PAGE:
A chain smoker, Bartali first used derailleur gears to help him dance on the pedals long before Lance Armstrong. By contrast, the thin Coppi climbed without apparent effort. Their rivalry was so great that both abandoned the 1949 World Championships rather than assist each other.
Coppi won the Giro and the Tour in 1952, including the first ever climb of Alpe d’Huez, and the World Championship the following season. Bartali finished fourth that year and last raced the Tour in 1953. The French rider, Bobet, then came to the fore, winning three Tours in a row.
The next great rivalry involved two French riders, Jacques Anquetil and Raymond Poulidor, who duelled with each other in the early 1960s. Anquetil first won in 1957, and then claimed four victories from 1961 to 1964. Poulidor was the eternal bridesmaid. In 1964, he led Anquetil until a mechanic pushed him too hard after a routine wheel change, causing him to crash and lose two minutes. In perhaps the greatest one-on-one contest in Tour history, the two riders rode shoulder-to-shoulder up the Puy de Dome, repeatedly slowing, then attacking, neither able to dislodge the other for 10 kilometres. With half a million cheering fans on the roadside, they continued the duel, until Poulidor inched away in the final kilometre. Anquetil clung to the Maillot Jaune by just 14 seconds, enough to claim a then record five victories. Poulidor never won the Tour, loosing to 22 year old Felice Gimondi in 1965.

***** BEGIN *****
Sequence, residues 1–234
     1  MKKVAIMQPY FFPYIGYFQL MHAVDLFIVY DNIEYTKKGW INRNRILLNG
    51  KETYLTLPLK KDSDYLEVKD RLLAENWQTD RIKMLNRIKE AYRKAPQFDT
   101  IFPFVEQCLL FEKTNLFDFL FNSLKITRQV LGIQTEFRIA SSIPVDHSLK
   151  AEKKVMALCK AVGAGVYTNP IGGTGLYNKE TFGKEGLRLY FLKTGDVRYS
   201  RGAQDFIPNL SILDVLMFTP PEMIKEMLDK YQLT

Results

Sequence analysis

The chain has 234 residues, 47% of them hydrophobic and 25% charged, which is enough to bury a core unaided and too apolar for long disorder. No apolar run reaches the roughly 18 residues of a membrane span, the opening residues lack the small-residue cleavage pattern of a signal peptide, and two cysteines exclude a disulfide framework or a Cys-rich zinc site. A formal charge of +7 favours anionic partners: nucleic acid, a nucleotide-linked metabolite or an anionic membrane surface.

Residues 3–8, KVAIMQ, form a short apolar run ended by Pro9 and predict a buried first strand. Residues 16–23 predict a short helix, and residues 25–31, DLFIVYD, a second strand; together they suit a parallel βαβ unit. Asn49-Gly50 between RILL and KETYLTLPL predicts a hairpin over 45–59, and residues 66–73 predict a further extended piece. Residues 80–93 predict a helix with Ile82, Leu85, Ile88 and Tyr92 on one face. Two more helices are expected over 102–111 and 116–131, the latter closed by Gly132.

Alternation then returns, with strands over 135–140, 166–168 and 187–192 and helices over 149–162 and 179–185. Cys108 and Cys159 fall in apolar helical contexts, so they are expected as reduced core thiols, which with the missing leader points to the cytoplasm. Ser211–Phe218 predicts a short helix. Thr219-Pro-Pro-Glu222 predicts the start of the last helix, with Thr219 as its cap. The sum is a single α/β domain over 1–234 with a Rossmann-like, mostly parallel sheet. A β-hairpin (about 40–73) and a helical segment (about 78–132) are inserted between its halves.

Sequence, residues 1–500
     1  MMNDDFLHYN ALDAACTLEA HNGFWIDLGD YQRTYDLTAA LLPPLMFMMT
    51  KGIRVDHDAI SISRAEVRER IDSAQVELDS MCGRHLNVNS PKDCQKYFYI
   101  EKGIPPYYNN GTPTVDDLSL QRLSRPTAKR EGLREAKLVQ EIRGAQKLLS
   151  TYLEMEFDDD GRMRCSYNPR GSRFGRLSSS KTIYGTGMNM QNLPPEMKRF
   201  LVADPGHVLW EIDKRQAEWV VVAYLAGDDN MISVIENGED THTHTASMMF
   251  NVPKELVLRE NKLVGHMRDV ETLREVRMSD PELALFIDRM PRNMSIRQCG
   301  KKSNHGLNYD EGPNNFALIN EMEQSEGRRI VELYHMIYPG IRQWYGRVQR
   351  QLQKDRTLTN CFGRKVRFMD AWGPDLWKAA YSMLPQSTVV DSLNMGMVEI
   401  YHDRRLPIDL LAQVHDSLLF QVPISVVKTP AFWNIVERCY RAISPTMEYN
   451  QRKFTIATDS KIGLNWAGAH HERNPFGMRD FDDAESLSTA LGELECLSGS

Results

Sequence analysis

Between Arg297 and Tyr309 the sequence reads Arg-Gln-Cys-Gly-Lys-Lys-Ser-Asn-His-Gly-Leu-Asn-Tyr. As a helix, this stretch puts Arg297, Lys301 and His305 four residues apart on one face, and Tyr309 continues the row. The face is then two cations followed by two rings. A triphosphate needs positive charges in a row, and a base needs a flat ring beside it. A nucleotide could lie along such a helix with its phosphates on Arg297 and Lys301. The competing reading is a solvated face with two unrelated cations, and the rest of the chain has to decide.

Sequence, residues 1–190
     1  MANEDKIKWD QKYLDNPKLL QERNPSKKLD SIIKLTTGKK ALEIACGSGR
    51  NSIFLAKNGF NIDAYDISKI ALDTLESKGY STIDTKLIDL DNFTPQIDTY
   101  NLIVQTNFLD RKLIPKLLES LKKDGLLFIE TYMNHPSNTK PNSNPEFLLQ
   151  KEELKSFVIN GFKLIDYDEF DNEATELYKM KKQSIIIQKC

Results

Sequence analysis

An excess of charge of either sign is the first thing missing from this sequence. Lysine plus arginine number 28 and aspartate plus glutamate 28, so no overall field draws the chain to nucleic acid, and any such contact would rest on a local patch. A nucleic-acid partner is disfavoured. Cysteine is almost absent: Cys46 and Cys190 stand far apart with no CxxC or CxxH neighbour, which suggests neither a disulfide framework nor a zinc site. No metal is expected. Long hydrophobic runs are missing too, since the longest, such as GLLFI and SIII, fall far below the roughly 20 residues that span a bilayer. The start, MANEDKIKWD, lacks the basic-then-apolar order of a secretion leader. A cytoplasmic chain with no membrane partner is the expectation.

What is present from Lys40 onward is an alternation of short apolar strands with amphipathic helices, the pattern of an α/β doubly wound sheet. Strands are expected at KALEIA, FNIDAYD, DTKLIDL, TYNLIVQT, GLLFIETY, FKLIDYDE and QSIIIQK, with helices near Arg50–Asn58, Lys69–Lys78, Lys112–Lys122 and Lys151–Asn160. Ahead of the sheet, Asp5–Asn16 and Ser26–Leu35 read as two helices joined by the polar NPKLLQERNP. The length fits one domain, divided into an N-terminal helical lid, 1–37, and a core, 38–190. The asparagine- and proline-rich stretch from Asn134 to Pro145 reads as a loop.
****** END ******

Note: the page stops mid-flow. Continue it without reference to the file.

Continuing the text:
Eddy Merckx dominated cycling in the 1970s, winning five Tours. His record on 525 professional victories from 1,582 races, ranging from one-day classics to the Grand Tours, is never likely to be bettered. He is simply the greatest cyclist of all time.
His intense rival of the era was the Spanish rider Luis Ocana, who crashed when leading the Belgium star in 1971, and then had to abandon the race the following year after another high speed crash.
The great rivalries of the 1980s involved a new breed of non-French riders. It was the era of the first non-European to wear the yellow jersey, a confident young Australian with a big toothy smile named Phil Anderson. However Anderson’s French team couldn’t accept someone from the New World leading their Tour, leaving the Australian with little assistance when he needed it.
A group of extraordinary riders from Ireland burst onto the European scene at the same time, including Steven Roche, who won in 1987. Struggling to stay in touch with the Spanish climber Pedro Delgado, Roche made an extraordinary effort on the climb to La Plagne, emerging from the fog just 40 second in arrears. So exhausted he had to be put on oxygen, the Irish rider nonetheless survived to close the gap in the next two stages and claim the Tour. The following year Delgrado won the Tour, although under the cloud of a doping scandal.